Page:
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From Allan Liska <al...@allan.org>
Subject [PATCH] security_tips.html
Date Thu, 04 Oct 2001 03:02:42 GMT

I have incorporated the suggestions made by Joshua, and I am resubmitting
this patch for discussion.  Again, any feedback is greatly appreciated, as
it helps me get a better feel for what is expected going foward.

Thanks!

allan



Index: httpd-docs-1.3/htdocs/manual/misc/security_tips.html
===================================================================
RCS file: /home/cvspublic/httpd-docs-1.3/htdocs/manual/misc/security_tips.html,v
retrieving revision 1.25
diff -u -r1.25 security_tips.html
--- httpd-docs-1.3/htdocs/manual/misc/security_tips.html	2001/10/02 15:40:07	1.25
+++ httpd-docs-1.3/htdocs/manual/misc/security_tips.html	2001/10/04 03:06:02
@@ -95,15 +95,46 @@

     <h2><a id="ssi" name="ssi">Server Side Includes</a></h2>

-    <p>Server side includes (SSI) can be configured so that users
-    can execute arbitrary programs on the server. That thought
-    alone should send a shiver down the spine of any sys-admin.</p>
+    <p>Server Side Includes (SSI), present a server administrator with
+    several potential security risks.</p>
+
+    <p>
+    The first risk is the increased load on the server.  All SSI-enabled
+    files have to be parsed by Apache, whether or not there are any SSI
+    directives included within the file.  While this load increase is
+    minor, in a shared server environment it can become significant.</p>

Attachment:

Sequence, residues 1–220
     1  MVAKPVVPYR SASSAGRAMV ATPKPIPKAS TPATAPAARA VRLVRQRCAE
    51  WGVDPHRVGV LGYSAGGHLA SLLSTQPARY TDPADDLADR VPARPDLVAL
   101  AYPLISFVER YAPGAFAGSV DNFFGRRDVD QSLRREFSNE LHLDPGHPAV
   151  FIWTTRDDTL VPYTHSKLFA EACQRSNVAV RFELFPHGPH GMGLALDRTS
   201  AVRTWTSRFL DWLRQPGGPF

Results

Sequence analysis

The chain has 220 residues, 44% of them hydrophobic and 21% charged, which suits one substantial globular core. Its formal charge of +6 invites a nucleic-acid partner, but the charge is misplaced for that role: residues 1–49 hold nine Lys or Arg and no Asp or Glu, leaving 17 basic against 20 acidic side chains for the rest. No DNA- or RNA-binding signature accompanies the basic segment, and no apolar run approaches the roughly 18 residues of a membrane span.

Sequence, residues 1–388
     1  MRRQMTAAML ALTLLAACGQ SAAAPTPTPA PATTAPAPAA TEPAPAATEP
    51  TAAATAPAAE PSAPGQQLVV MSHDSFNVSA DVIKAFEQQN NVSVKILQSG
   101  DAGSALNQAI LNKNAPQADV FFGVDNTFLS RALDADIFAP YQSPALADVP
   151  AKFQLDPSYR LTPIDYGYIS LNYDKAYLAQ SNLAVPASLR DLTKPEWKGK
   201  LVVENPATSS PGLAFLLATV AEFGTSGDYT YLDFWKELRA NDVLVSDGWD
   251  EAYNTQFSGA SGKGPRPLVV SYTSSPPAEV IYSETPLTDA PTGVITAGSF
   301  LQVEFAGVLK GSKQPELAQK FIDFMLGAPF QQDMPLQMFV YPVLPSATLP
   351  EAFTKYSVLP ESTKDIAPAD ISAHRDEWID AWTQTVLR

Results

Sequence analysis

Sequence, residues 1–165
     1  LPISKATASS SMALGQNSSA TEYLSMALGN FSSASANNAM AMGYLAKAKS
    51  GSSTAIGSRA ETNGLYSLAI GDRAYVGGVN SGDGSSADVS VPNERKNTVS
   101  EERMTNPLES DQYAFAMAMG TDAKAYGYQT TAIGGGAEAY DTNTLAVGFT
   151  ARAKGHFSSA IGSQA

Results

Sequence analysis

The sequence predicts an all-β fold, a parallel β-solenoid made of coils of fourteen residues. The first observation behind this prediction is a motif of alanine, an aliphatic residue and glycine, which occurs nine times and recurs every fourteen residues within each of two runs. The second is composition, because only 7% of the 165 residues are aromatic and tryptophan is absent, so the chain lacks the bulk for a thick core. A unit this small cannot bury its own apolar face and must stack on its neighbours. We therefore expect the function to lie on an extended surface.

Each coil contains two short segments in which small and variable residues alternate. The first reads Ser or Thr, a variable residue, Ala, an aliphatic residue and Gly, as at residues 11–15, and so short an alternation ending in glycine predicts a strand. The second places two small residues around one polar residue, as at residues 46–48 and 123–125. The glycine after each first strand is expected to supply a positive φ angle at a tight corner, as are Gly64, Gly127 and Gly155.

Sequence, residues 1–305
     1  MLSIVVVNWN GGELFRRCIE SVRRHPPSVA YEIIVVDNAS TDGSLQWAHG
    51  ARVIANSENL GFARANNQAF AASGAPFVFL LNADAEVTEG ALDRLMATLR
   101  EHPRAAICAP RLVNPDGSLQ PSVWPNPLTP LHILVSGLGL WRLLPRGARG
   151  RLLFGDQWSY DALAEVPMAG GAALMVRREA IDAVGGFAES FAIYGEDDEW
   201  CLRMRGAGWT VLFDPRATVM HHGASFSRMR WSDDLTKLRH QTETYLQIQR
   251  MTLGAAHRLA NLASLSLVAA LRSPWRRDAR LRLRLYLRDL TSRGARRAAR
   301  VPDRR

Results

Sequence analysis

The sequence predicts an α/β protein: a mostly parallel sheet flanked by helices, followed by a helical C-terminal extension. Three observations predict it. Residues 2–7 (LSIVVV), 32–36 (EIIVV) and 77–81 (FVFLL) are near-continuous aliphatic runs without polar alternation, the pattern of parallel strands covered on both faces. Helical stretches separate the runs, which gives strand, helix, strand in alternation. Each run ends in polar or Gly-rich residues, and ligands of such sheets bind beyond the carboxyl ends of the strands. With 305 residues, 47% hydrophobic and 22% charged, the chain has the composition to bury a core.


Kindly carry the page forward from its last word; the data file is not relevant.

+
+    <p>
+    SSI files also pose the same risks that are associated with CGI scripts
+    in general.  Using the "exec cmd" element, SSI-enabled files can execute
+    any CGI script or program that is owned by same userid as the user and
+    group configured in httpd.conf.  That should definitely give server
+    administrators pause.</p>

-    <p>One solution is to disable that part of SSI. To do that you
-    use the IncludesNOEXEC option to the <a
-    href="../mod/core.html#options">Options</a> directive.</p>
+    <p>
+    There are ways to enhance the security of SSI files, while still taking
+    advantage of the benefits they provide.</p>

-    <p></p>
+    <p>To decrease the amount of damage a wayword SSI file can cause a
+    server administrator can enable <a href="../docs/suexec.html"
+    >suexec</a>.  Suexec provides several levels of protection for a
+    server. It limits the users who can execute CGI scripts or programs
+    on the server (by restricting access only to the user and group defined
+    in httpd.conf).  Suexec also checks to ensure all parsed files meet
+    its security standards prior to execution.
+
+    <p>
+    Enabling SSI for files with .html or .htm extensions is probably a bad
+    idea.  This is especially true in a shared, or heavily
+    trafficked, server environment.  SSI-enabled files should have a
+    separate extension, such as the conventional .shtml.  This helps keep
+    server load at a minimum, and increases security.</p>
+
+
+    <p>Another solution is to disable the #exec element within SSI. To do
+    this replace Options Includes with Options IncludesNOEXEC within the
+    <a href="../mod/core.html#options">Options</a> directive.</p>
+
     <hr />

     <h2><a id="nsaliasedcgi" name="nsaliasedcgi">Non Script Aliased




-- 
Allan Liska
allan@allan.org
http://www.allan.org


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